While state lawmakers debate the issue of minimum wage, renters earning minimum wage in Pennsylvania find themselves struggling to make ends meet.
Here’s what they found.
Pennsylvania’s minimum wage has held steady at $7.25 for more than a decade.
The average renter’s wage is $15.90 per hour.
There are 1,557,665 renting households in Pennsylvania.
Renters makeup 31 percent of households statewide.
At minimum wage, the NLIHC calculates that $377 per month is an affordable rent for low income households.
For workers at the average renter wage, NLIHC calculates $827 per month to be an affordable rent for low income households.
The Fair Market rent statewide for a 1-bedroom apartment is $811 per month and $1,000 for a two bedroom apartment.
In order to afford rent, NLIHC projects that a Pennsylvania household must earn $39,992 annually. Assuming 40 hours per work week for 52 weeks in a year, NLIHC calculates that the state housing wage to be $19.23 per hour.
Statewide Minimum Wage Numbers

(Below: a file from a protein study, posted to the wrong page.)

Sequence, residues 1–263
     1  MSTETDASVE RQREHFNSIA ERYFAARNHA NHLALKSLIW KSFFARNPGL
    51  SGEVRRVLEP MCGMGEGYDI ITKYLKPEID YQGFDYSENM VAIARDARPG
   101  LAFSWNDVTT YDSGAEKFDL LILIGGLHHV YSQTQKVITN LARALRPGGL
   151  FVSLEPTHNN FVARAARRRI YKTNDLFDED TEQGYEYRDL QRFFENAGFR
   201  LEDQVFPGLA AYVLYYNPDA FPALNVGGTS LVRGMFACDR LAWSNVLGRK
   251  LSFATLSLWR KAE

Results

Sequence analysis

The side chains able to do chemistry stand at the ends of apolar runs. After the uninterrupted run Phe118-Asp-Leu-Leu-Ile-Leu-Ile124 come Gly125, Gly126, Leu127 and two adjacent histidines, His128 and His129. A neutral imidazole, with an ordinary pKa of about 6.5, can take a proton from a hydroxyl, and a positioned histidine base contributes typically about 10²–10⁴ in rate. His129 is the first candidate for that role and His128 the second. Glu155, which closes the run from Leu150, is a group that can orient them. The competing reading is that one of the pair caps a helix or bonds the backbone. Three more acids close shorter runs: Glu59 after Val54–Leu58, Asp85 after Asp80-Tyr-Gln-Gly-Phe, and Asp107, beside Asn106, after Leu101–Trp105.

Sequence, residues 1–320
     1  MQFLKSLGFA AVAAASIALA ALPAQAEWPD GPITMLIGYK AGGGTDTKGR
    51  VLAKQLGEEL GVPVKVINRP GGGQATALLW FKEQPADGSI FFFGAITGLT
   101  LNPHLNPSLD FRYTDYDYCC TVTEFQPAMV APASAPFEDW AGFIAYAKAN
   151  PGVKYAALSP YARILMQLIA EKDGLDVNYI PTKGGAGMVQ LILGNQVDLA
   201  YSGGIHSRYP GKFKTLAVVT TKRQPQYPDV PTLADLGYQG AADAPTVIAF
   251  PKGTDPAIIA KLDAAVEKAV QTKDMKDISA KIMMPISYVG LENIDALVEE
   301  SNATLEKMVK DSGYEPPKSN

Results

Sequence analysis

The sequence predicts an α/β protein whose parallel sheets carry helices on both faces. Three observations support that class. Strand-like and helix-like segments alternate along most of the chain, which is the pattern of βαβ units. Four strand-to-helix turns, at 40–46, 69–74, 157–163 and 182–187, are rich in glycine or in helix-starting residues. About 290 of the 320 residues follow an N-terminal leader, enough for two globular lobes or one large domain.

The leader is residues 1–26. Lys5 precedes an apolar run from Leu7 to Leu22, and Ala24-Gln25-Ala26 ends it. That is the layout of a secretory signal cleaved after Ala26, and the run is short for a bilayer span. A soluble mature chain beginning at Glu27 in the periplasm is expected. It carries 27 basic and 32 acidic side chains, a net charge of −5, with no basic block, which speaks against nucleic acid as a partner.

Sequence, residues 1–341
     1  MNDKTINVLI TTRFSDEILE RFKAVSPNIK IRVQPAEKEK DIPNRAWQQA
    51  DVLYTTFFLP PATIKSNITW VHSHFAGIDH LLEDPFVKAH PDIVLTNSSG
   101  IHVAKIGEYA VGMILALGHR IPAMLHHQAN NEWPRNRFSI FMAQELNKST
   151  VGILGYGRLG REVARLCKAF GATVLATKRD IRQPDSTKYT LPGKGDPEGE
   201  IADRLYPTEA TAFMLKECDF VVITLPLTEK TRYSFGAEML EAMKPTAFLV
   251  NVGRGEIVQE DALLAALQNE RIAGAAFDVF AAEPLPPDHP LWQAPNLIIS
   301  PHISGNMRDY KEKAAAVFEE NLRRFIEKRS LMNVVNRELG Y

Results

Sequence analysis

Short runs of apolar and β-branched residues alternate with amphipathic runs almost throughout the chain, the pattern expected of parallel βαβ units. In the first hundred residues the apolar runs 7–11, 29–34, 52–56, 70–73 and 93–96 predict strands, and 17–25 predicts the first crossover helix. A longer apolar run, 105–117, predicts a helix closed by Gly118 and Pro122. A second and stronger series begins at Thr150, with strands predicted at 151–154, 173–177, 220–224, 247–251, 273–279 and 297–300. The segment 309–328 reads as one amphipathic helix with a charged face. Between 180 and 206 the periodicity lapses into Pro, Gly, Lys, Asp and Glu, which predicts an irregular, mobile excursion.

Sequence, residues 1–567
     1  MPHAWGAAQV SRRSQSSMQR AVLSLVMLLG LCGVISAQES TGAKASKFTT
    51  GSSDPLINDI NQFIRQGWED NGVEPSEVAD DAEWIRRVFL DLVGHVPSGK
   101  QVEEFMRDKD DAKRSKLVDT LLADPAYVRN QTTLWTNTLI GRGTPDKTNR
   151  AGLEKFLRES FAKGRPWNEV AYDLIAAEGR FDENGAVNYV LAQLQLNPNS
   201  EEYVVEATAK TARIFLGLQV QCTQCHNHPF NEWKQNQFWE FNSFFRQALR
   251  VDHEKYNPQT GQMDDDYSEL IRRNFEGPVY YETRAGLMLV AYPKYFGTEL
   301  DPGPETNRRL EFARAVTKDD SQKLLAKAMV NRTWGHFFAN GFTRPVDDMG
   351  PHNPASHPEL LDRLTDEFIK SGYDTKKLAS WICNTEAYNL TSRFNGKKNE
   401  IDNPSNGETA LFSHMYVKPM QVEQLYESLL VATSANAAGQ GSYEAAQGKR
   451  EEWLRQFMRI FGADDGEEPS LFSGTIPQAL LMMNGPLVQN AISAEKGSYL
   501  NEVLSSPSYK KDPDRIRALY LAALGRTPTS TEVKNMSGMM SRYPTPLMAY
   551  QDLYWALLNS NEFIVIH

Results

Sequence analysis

On average, workers would need to work well over the normal 40-hour work week in order to afford housing statewide.
Based on the statewide average workers would need to work:
75 hours per week … to afford a studio apartment.
86 hours per week … to afford a one bedroom apartment.
106 hours per week … to afford a two bedroom apartment.
135 hours per week … to afford a three bedroom apartment.
150 hours per week … to afford a four bedroom apartment.
The NLIHC calculates that minimum wage workers would need to have 2.7 full-time, minimum wage jobs to afford a two-bedroom rental home. To afford a one-bedroom rental home, workers would need 2.2 full-time, minimum wage jobs.
The Five Most Expensive Housing Areas
According to data from NLIHC, the most expensive areas in the state are:
- Pike County, Housing Wage: $24.88
- Philadelphia-Camden-Wilmington (Metropolitan Statistical Area), Housing Wage: $23.58
- East Stroudsburg (MSA), Housing Wage: $20.19
- Allentown-Bethlehem-Easton (MSA), Housing Wage: $19.73
- Lancaster County, $19.63
The needed housing wage is calculated using the $1,000 fair market rent for a 2-bedroom apartment. Assuming a 40-hour work week, 52 weeks per year and without paying more than 30 percent of income on housing.